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Addressing climate change is a public health policy. (Photo: rmitsch/Getty Images)

We're Still in a Health Crisis. It’s Called Fossil Fuels

Fossil fuel pollution killed an average of one in five people, causing nearly 9 million deaths in 2018 alone.

Cara CookHelena Randle

Our nation is facing a health crisis—and it's not just the coronavirus disease pandemic. Around the world, fossil fuel pollution kills millions of people every year. As health professionals representing doctors, nurses, and more, we're calling on Congress to tackle the fossil fuel health crisis as swiftly as possible by passing President Biden's American Jobs Plan.

We desperately need federal action on climate change. We needed it yesterday. President Biden's American Jobs Plan is an essential first step.

While the coronavirus pandemic ravaged the globe, fossil fuels continued to burn. Coal plants continued to poison communities—particularly low-income communities and communities of color—with particulate matter, nitrogen oxide, sulfur dioxide, and mercury, leading to black lung disease and premature deaths. Oil and gas wells—associated with increased leukemia, asthma attacks, heart problems, and health problems for infants—leaked and flared. All told, fossil fuel pollution killed an average of one in five people, causing nearly 9 million deaths in 2018 alone.

But that's not all. Climate change—caused by fossil fuels—will likely turn out to be an even bigger public health crisis. Global warming-worsened heat waves killed hundreds in the Pacific Northwest, and may be responsible for more than one-third of heat deaths globally. Sea level rise will make hurricanes even more deadly.

We desperately need federal action on climate change. We needed it yesterday. President Biden's American Jobs Plan is an essential first step. The infrastructure proposal provides $400 billion in direct payments to build out renewable energy and sets a goal for 80% clean electricity by 2030 and 100% by 2035. The health benefits of this switch to clean energy will be enormous. A new study led by researchers at Harvard University and others found that the immediate benefits of cleaner air would be "immediate, substantial, and widespread." Specifically, the policy for 80 percent clean energy by 2030 would result in 93,000 fewer premature deaths and 317,500 lives saved by 2050, as well as $1.13 trillion in health savings. The researchers also found that every state would experience benefits, but the greatest benefits will take place in non-Hispanic Black communities, which have been historically sited near toxic coal plants.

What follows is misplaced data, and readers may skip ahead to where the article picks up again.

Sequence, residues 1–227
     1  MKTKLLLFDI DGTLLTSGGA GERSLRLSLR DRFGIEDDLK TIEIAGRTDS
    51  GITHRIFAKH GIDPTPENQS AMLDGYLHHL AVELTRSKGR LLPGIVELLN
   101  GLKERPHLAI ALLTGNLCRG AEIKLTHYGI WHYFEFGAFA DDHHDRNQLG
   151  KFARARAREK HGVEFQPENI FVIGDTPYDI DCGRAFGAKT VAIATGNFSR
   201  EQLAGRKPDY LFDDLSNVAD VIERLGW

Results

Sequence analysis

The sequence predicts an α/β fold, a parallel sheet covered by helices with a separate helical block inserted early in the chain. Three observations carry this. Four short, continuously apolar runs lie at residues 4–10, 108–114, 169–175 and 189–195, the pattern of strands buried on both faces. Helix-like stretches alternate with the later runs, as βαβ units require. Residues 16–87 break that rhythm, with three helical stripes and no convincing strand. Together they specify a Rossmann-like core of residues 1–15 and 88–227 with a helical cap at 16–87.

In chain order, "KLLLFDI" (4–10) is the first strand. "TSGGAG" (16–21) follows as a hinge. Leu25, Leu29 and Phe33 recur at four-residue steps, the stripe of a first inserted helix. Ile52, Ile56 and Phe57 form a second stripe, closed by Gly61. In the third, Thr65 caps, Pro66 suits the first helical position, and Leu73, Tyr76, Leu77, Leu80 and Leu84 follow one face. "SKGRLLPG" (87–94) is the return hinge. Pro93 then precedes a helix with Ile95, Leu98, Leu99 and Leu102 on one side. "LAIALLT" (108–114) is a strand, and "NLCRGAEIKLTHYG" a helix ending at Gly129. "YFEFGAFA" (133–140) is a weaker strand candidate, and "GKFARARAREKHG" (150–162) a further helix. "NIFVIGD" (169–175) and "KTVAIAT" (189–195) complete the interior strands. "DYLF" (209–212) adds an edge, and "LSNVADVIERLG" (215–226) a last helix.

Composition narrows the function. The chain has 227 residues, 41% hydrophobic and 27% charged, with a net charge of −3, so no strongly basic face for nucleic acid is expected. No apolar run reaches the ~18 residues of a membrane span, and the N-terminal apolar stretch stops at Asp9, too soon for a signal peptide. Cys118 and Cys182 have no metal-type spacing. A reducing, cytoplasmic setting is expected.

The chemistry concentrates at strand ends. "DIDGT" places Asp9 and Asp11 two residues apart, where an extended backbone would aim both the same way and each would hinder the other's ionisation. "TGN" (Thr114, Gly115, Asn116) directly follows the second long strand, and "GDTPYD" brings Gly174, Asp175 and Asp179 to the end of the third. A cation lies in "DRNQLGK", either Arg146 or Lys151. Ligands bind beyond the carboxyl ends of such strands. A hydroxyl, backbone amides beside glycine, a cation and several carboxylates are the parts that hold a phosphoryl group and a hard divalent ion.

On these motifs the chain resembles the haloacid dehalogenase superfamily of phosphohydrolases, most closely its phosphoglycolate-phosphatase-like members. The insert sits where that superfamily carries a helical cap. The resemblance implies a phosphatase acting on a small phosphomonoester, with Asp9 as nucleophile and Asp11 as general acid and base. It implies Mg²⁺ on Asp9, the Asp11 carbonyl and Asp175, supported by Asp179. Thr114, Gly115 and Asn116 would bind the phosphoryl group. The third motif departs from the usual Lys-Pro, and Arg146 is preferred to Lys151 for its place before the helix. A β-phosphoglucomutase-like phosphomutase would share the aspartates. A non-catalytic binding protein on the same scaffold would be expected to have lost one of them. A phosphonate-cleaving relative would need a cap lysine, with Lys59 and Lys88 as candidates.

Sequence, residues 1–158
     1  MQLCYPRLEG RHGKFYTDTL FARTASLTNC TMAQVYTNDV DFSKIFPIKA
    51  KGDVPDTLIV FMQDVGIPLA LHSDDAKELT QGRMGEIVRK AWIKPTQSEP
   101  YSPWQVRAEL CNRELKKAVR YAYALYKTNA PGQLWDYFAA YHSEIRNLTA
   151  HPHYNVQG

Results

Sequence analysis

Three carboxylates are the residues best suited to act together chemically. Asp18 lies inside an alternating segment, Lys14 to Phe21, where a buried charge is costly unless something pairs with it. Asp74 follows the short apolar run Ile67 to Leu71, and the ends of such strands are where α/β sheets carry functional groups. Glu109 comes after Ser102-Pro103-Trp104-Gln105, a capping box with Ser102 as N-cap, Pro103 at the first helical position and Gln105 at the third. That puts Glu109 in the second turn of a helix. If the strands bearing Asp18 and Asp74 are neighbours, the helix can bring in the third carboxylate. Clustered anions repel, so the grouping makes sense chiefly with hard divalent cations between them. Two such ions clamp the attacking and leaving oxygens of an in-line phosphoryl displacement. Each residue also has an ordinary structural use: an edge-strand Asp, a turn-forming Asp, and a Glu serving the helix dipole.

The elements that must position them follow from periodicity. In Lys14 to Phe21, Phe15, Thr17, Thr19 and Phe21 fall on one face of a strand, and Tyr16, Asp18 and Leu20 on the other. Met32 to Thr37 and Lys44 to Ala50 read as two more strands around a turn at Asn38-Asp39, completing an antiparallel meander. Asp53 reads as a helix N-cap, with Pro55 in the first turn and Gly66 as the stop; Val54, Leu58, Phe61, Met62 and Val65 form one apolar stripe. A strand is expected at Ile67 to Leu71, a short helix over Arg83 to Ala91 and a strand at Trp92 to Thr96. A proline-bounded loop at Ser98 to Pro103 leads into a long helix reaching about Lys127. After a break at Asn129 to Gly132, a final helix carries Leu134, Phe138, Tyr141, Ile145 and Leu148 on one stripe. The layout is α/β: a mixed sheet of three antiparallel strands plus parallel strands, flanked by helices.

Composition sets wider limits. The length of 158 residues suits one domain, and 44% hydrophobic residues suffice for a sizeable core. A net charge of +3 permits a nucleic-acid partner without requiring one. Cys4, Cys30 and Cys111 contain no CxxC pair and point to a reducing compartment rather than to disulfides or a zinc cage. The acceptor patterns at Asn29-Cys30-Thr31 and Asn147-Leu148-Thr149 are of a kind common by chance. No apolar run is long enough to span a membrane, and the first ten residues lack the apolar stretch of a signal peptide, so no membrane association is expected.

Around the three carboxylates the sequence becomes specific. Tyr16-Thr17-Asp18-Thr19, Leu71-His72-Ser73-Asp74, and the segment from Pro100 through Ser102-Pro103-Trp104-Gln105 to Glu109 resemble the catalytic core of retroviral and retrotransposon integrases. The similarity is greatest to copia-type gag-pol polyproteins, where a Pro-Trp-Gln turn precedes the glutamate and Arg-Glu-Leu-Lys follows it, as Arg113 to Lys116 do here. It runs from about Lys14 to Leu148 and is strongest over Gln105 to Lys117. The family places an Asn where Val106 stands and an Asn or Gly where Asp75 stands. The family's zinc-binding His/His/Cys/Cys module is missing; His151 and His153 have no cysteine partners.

This is no coincidence, as the Plan rightfully focuses on justice: a full 40 percent of climate and clean infrastructure investments will go to disproportionately impacted communities. It will also invest in rural communities and workers who may lose jobs in the fossil fuel industry due to the transition to clean energy. We support that the Plan targets energy investments in this way to share the benefits of a twenty-first century energy system more fairly.

Not only does the Plan promote the transition to clean energy but it also provides $111 billion for clean drinking water by replacing lead pipes and upgrading water systems, $30 billion for future pandemic preparedness, and $28 billion toward the modernization of federal buildings including VA hospitals, which are vital to help us build back better for health. And it will support healthcare workers themselves, providing $400 billion to home-based or community-based care and improving the wages of caregivers.

Of course, one bill—or set of bills—won't solve climate change. There are dangerous fossil fuel projects that are currently under construction, like Enbridge's Line 3 pipeline for tar sands in Northern Minnesota. An administration fully committed to climate change will reject this project and others as we push for positive clean energy legislation. We're glad to see that Congress is moving towards an agreement as a first key step—but now they need to pass the provisions as quickly as possible, through the infrastructure bill and budget reconciliation measures.

Addressing climate change is a public health policy. It will improve lung health, maternal health, mental health, and more. Over the past year, the importance of public health has been laid bare—as well as the importance of protecting it.

We've put our lives on the line to battle the coronavirus pandemic and save as many lives as we could. We've walked down streets at the end of the day to applause, honks, and cowbells of thanks. But there's something we want more than applause. We want to see change. We want to see bold investments in climate solutions and clean energy—which will move us toward protecting health now and for future generations. With the American Jobs Act, we'll be on our way.

Our work is licensed under Creative Commons (CC BY-NC-ND 3.0). Feel free to republish and share widely.

Cara Cook

Cara Cook, MS, RN, AHN-BC, and Director of Programs at the Alliance of Nurses for Healthy Environments.


Helena Randle

Helena Randle is Partnerships Co-Chair of Medical Students for a Sustainable Future.

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